Rivalry renewed, Charles Rosa looks to impress at UFC Fight Night 59

61f9e7fc98b11beda1f7427d58379565To say Charles Rosa will feel more at home when he makes his second Octagon appearance Sunday at UFC Fight Night 59 is a serious understatement. The 28-year-old featherweight gets to live out his lifelong dream, competing in his home state of Massachusetts, when he takes on Sean Soriano to open up the preliminary portion of the FOX Sports 1 card. His sophomore fight in the Octagon is a stark contrast to his UFC debut last October in Sweden. “I could say that was one of the craziest weeks of my life.” Rosa told MMAOddsBreaker. “I [was already] going to Holland to train kickboxing at Mejiro Gym, it was my third time making the trip. I had my manager Charles McCarthy [tell me] to be ready. We knew that Dennis Siver was looking for an opponent but they actually found one for him. Pretty much I figured I wasn’t fighting so I said if I’m not getting my UFC call yet I’ll go to Holland to work on my kickboxing. When I landed in Holland and went to the kickboxing show, they took me to my coach right away. He goes “Hey man you ready to go to Sweden?  We’re fighting in the UFC.” and that’s how I found out about the news. Then it kind of hit me for a second, I’m 178 pounds right now and that was five or six days before the fight. Instantly some anxiety set in. Obviously from there I literally started running around the place trying to lose weight.” Like a true professional, the ATT product made nearly a 30-pound weight cut and his octagon debut was made official against the Siver, a veteran of 17-UFC fights.  When the bell rang, Rosa didn’t look like a fighter who had taken this contest on short notice, pushing the German fighter to the brink during the three round affair. Ultimately Rosa lost a decision, but his performance earned himself a nice “Fight of the Night” bonus.  While Rosa was disappointed with the loss, he was overwhelmed by the positive response from fans. “I think [at first] I was a little bit down that I lost the fight. But after I saw the fans reaction, I literally didn’t get one bad comment. I’ve had wins where people are like “he fought a scrub” but [this fight] it really felt like a win for me.” Rather than head back to the United States after his fight, Rosa opted to fly to Holland instead and go along with his original plan of working on his kickboxing.  He was sleeping on the mats at the Mejiro gym the next day after his fight, rather than using his bonus money to stay in a nice hotel. He ended up staying in Holland for a month, training twice a day and admits that the time spent there was a valuable experience.  Shortly after his return to the States, Rosa received some monumental news. He would be competing in Boston for the UFC in January, just a short 15-minute drive from his hometown of Peabody, Massachusetts. “That was probably one of the best phone calls of my life. I was so happy” Rosa explained with excitement. ”It’s always something I dreamed about as a kid, I used to watch the Bruins and the Celtics play at the Boston Garden as a kid. Every time I watched the game, I wished I could be on the ice or in that arena playing as a professional. It really just made my dream come true so I’m really excited.” His opponent, the 25-year-old Soriano, is a man Rosa knows all too well. Both fighters competed in the Florida based Championship Fighting Alliance (CFA), but their path will finally cross Sunday on MMA’s biggest stage. Soriano is still searching for his first UFC win after coming up short against Tatsuya Kawajiri and Chas Skelly.  While the Miami native has pitched a shutout so far through his two octagon appearances, Rosa isn’t taking his opponent lightly. “He’s definitely a super talented kid, I know his strength is muay-thai, he trains with Henri Hooft. I would say he’s most dangerous on his feet; he’s very athletic, he’s quick and fast. The first the two fights I don’t think he was able showcase that because the guys pretty much went instantly right after the takedown and were able to expose him there. I definitely know his weaknesses. We’ll see if I can expose some other ones, because I think I’m going to be able to strike with him and take him down and do pretty much do whatever I want with him.” If Rosa sounds confident, you only have to take a look at the team he trains with at American Top Team in Florida to understand why.  Along with training on a regular basis with coach, mentor and former WEC featherweight champion Mike Brown, Rosa has also been putting in work daily with former Bellator lightweight champion Daniel Straus (who fights for the featherweight title Friday at Bellator 132). Rosa is proud of the team he fights for and that’s why it’s added motivation for him facing an opponent who is a member of the Blackzillians camp. “[ATT vs. Blackzillians is] a huge rivalry back where we’re from in Florida. I feel like [this fight] is going to be for my team. It’s going to be a good way to get one up on the Blackzillians.” When he heads into the octagon Sunday night, Rosa will already be coming in with a winning attitude as his walkout music will be Zombie Nation – Kernkraft 400, which is the goal song for his home-town Boston Bruins of the NHL. More importantly, Rosa has the opportunity to show his true potential in the octagon and put the rest of the featherweight division on notice. To listen to the full interview with Charles Rosa, check out Episode 87 of The Parting Shot Podcast (at the 39 minute mark)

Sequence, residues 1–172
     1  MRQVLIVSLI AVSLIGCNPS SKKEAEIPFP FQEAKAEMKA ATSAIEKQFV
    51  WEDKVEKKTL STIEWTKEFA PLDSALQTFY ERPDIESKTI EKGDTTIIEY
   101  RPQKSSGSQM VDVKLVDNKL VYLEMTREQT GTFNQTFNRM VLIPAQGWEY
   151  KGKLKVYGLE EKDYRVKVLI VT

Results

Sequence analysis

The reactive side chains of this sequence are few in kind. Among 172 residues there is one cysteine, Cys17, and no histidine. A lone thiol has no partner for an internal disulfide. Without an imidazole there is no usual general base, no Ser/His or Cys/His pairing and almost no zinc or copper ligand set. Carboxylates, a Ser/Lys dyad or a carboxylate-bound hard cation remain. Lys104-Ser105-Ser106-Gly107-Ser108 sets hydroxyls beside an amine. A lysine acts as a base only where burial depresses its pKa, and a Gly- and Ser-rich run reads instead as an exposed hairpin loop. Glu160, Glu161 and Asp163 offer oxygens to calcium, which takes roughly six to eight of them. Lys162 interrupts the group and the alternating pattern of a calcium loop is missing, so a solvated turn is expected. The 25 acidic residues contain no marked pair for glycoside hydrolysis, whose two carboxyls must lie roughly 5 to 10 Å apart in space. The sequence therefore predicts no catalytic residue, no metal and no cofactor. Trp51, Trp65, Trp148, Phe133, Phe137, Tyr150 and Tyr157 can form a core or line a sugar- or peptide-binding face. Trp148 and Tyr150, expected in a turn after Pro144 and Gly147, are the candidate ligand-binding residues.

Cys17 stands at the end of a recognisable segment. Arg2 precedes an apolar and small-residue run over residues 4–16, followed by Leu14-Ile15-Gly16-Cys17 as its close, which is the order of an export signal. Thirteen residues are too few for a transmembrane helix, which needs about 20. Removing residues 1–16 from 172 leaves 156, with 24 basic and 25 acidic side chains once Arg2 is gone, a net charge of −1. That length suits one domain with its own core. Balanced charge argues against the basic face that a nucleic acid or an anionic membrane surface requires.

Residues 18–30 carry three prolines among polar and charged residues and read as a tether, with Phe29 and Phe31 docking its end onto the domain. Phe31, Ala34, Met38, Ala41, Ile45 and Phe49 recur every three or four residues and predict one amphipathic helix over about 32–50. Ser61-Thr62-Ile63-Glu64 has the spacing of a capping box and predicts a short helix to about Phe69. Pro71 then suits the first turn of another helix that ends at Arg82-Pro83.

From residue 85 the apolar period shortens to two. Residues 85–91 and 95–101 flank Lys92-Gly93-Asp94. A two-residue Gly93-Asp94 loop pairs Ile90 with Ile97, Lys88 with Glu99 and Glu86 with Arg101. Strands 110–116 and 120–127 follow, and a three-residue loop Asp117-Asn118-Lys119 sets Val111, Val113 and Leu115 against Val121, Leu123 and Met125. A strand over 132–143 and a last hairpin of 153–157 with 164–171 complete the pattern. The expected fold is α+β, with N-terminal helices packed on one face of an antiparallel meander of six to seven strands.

Written by James Lynch

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